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DOMESTIC FISH-PONDS.—NO. 2. .

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and it matters not how large you furnish hives, of winter weather, and also to be in better condi. where they swarm, which is seldom in very large tion to resist the approaches of the bee-moth, than hives, the quantity of bees is not in proportion to an extended surface would admit of. the size of the hive, but in accordance with the Well, in regard to my large hives, I saw the fal. laws of nature. Now, to come to the point with as lacy of such dimensions, and conceived the idea of few words as possible, I have found, irom practi- cutting them off in April last, while occupied with cal demonstration, that hives one foot square in the bees, which operation I performed personally with clear, conform more to the natural requirements of a common handsaw, the modus operandi of which bees than any other. It is a consideration with I will give in a succeeding chapter, as well as of apiarians who make a business of the sale of bees, some other difficult and perilous performances. I to make their hives much less than this, as thereby say, perilous, for, when a thousand bees dart with they increase their profits. I have an instance of furious ire at one's hands or face, a small displacethe deplorable effects of this, in the case of a neigh- ment of any part of his shield, by accident, would bor, who went to great expense in building bee be worse for him than the charging of the Mexican houses, which he filled with “ patent hives,” from batteries, as did the indomitable Capt. May and his a well-known apiarian of New York, on the prin- valiant dragoons ! ciple of 8 by 10, or somewhere about this size, at After cutting these hives off, I found that they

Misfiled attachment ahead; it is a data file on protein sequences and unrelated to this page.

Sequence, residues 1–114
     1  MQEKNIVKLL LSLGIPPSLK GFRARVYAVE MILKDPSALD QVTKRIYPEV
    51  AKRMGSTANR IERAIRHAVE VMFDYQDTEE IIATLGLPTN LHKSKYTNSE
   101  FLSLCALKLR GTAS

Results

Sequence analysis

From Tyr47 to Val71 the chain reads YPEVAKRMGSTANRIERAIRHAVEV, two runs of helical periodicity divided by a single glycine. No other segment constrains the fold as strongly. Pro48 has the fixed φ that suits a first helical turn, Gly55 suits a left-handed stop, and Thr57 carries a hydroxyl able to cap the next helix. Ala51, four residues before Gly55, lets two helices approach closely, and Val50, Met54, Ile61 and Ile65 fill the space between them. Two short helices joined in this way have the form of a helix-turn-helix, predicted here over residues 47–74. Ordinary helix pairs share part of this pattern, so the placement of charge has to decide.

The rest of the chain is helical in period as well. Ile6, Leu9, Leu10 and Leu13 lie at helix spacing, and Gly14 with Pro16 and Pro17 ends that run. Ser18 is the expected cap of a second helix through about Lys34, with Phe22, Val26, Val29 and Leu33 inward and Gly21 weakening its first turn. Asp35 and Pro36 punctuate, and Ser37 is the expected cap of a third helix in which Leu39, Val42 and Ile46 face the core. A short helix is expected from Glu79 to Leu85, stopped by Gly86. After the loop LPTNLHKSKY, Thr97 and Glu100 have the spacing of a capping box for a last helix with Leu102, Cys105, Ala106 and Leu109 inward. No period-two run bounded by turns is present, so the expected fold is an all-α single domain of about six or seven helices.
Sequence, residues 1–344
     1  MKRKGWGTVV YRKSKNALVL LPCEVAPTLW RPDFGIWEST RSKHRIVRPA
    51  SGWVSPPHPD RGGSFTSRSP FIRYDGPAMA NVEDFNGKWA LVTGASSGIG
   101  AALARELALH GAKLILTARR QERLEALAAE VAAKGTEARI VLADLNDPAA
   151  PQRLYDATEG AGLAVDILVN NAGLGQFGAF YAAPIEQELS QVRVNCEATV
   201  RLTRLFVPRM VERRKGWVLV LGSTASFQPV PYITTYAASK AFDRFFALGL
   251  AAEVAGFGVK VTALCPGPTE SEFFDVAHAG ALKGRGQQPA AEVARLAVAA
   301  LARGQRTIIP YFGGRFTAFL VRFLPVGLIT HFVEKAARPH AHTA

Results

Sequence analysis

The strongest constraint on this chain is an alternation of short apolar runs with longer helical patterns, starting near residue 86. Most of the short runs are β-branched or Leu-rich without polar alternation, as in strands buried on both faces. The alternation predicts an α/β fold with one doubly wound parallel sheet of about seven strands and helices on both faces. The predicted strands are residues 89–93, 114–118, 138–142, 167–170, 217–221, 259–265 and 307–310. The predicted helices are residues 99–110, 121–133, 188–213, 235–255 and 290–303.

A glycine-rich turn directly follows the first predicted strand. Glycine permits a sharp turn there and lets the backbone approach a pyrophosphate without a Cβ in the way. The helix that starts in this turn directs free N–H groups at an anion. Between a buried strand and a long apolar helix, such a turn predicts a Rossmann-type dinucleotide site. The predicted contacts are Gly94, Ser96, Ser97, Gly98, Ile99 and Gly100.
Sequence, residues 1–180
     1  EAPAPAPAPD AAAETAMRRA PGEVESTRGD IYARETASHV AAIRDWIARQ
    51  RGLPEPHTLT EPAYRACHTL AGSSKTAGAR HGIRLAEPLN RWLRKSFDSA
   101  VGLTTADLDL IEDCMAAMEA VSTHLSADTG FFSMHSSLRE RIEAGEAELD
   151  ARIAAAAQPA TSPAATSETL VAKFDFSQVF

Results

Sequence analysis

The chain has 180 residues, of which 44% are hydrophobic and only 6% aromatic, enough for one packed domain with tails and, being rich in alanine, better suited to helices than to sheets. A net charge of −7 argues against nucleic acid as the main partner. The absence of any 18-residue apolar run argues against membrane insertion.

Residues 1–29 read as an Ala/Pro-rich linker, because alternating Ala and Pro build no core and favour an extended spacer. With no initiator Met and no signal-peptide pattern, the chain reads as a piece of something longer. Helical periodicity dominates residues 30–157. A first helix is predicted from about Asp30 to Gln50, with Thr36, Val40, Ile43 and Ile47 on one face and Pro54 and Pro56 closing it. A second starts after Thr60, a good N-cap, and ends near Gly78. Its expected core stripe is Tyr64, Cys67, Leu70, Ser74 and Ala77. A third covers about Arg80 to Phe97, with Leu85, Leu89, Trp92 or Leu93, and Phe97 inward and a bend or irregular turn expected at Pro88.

enormous cost, and now, where are they? contained but a very few more bees than hives of From six hives procured several years ago, he has 12 by 12, of last year's swarms, and these stocks in only one now remaining, and when I last saw that hives of that size, actually swarmed this season one, solitary and alone,” throwing out an occa- first. This result, with various other proofs, ren. sional pale sickly bee, in quest of food, while the dered it conclusive to my mind, that hives very near air of my premises was literally “vocal with square are best, and that 12 by 12 inches in the music,” and the furious dashing whiz that resound clear, when managed on my plan, is as near correct ed about my ears as I approached them, giving as can be. indications of power, vigor, and prosperity— 1 say, In my next I shall treat of the position of the when I saw this great difference from positions apiary -ventilation of hives—the bee-moth; how only a few rods distant, I grieved that darkness guarded against, and the fallacy of the “

patent should yet hover over the apiaries of thousands hive" system, as adapted and recommended by some who seem indifferent to their success, or rather con- of our apiarians.

T. B. MINER, sider success as a matter of chance rather than of Ravenswood, Long Island, June 1st, 1846. science.